Reviewed: Cartulis at FOLD
FOLD is one of London’s most exciting and forward-thinking new spaces, situated in an industrial wasteland in East London’s Canning Town, it brings 24-hour partying and liberating experiences akin to what may be found in fellow dance music capital Berlin to the city. With select promoters offering diversity and excitement, bringing some of the finest talent to the venue each weekend. Tonight it was the turn of the revered Cartulis brand who were hosting a lineup of some of Houghton festivals finest outer-worldly wizards of minimal techno and electro including: Nicholas Lutz, Omar, Michelle, Kino and Unai Trotti, following the sad cancellation of the festival over the weekend due to the predicted storms. All these artists hold close ties with the My Own Jupiter label that headliner Nicholas Lutz runs and have the trademark dark, cutting edge approach to the music they produce and mix.
Upon arrival at FOLD the atmosphere is immediately set; empty skips, concrete rubble and abandoned warehouses surround the lofty walls of the perimeter. Without any nearby residency, the setting makes for an immersive rave experience outside of the confines of normal reality. There is nothing to suggest that the shell of the building is a nightclub other than the small pocket of friendly but firm door staff under a tent at its entrance.
Taking a steel stairway up to the first floor, phone camera lenses are marked with a sticker to protect FOLD’s strict no filming policy. It was noticeable that this allowed the crowd to fully express themselves, focus on the DJ and not be worried about the prying eyes of the outside world, whilst also maintaining an atmosphere of unity and togetherness that is not always found in modern day clubbing.
The reigns continue to be let free, with a locker facility that enables those who wish to dance to the maximum for endless hours to leave their valuables in a secure location, which they can go back to as much as they wish throughout the duration of the party. Free water was readily available at the bar and although completely serious and professional FOLD is in how it approaches itself, a caring nature seems to also be at the core.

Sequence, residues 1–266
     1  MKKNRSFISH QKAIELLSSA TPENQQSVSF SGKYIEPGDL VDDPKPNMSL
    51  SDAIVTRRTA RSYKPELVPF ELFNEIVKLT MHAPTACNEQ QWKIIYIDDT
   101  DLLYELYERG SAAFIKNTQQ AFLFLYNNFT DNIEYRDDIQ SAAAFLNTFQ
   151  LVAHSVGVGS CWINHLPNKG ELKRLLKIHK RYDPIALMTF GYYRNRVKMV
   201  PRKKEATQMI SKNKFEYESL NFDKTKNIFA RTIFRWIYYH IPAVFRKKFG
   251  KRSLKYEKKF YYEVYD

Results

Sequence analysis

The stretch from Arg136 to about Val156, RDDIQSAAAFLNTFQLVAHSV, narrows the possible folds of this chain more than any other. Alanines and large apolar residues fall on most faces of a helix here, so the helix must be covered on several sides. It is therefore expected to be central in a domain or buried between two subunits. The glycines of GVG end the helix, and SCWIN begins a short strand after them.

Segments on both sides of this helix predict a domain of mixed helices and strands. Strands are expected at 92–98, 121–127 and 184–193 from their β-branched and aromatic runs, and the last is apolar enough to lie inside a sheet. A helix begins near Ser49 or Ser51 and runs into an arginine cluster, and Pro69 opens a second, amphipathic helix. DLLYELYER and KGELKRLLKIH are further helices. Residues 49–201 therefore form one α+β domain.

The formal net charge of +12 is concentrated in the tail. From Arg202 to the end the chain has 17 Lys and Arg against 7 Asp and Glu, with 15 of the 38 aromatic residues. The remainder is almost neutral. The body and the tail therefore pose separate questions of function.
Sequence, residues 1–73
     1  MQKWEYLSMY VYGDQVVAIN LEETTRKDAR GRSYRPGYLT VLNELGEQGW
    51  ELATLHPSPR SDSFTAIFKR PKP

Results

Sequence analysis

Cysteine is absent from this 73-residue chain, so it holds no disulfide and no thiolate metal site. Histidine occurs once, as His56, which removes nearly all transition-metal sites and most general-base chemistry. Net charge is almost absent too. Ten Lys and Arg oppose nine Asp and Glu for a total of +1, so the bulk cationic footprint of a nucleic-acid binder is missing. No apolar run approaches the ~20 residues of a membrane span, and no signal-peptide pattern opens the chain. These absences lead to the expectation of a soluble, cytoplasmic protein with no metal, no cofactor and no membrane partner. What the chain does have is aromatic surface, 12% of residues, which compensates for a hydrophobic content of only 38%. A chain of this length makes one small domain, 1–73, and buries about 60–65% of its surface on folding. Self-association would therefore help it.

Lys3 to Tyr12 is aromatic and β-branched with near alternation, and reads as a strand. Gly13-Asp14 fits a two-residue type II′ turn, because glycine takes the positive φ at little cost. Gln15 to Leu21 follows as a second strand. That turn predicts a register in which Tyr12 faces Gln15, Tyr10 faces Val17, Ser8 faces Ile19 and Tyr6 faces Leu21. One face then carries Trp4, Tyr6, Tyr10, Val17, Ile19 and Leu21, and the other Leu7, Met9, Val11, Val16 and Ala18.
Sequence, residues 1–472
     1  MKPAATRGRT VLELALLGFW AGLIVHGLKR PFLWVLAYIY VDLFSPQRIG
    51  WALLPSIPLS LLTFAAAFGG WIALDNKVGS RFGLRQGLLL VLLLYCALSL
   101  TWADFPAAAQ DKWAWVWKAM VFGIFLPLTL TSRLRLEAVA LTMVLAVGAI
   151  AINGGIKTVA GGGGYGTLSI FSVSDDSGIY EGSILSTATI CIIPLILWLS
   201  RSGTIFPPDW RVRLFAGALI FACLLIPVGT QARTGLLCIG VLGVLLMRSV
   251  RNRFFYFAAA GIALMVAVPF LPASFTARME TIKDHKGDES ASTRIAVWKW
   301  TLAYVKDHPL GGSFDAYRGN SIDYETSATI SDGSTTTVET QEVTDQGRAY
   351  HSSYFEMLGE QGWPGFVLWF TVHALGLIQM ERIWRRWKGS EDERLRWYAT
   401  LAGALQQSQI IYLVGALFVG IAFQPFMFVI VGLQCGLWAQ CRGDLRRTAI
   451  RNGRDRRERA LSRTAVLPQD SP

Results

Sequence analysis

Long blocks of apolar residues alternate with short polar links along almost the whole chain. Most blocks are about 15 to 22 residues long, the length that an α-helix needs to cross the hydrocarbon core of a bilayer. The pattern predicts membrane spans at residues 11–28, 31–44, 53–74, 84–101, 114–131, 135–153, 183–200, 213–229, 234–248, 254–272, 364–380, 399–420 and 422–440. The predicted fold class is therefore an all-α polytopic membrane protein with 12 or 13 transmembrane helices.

With one single main room the quality is at an optimum in all aspects, the capacity stands at 600 and therefore is compact enough to feel intimate, however with its high ceiling, walls and pillars held together with metal, it retains an almost intimidating feel, suited to the big room, thumping techno that is on display here every weekend. Lighting is expertly designed with piercing lasers and a projected backdrop that ebbs and flows into strange and curious patterns.
The 110-decibel sound system is crafted to perfection, custom built and can boast to be the loudest in London with no restrictions enforced on it. All the way to the back of the room the sound is delicious with crisp highs and rumbling low end and you can enjoy the music fully wherever you are positioned in the room. Throughout the night I moved into different spots within the dance and whether it be the delicate, intricate rhythms of Unai Trotti, or the punishing acid wonk madness of Nicholas Lutz, who pounded the speakers in the closing hours to a dystopian soundtrack, it all sounded just as good.
Even when you take a breather in the smoking area you feel as though you are detached from the world in a rave utopia, looking out at the distant lights of the city and a huge nearby pylon. The toilets retain this feel, with purple coloured glass panel windows cut into strange shapes that paint a picture of an obscure outside planet. Along the far wall, thin shutters begin to let the daylight in as the sun comes up and just when you think you are out of energy, this brings a new wave of magical life into the early hours, with everyone totally absorbed in the sounds.
After the heart wrenching disappointment of the Houghton cancellation, this Cartilus night turned out to be incredible and I felt such warmth from everyone, crowd and DJs, who partied and played with as much energy as they would have had they been on those grounds that we all treasure and love.
In a world where social media dominates, and video/photo content often seems to rule over authentic experiences, FOLD has injected lifeblood into a scene where people still value physicality and precious moments that remain in the mind. With another room soon opening alongside studio spaces this is just the start for the new brand that you should keep an eye on.